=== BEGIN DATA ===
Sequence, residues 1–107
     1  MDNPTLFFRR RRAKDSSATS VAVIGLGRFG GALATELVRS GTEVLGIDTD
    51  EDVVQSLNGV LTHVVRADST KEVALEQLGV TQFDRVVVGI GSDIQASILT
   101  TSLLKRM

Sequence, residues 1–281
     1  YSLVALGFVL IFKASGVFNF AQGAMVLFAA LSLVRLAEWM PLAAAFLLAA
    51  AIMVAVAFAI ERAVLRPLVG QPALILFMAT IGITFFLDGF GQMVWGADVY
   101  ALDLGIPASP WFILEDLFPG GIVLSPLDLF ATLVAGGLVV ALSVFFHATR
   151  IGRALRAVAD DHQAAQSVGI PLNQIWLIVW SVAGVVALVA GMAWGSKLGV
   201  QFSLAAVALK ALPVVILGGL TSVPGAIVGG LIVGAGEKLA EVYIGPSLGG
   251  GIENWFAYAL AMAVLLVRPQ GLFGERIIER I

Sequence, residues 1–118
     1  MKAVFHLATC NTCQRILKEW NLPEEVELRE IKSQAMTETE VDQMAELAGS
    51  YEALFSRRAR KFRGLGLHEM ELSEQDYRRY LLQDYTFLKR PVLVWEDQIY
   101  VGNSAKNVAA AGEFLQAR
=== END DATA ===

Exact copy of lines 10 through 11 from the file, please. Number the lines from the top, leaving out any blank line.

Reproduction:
   201  QFSLAAVALK ALPVVILGGL TSVPGAIVGG LIVGAGEKLA EVYIGPSLGG
   251  GIENWFAYAL AMAVLLVRPQ GLFGERIIER I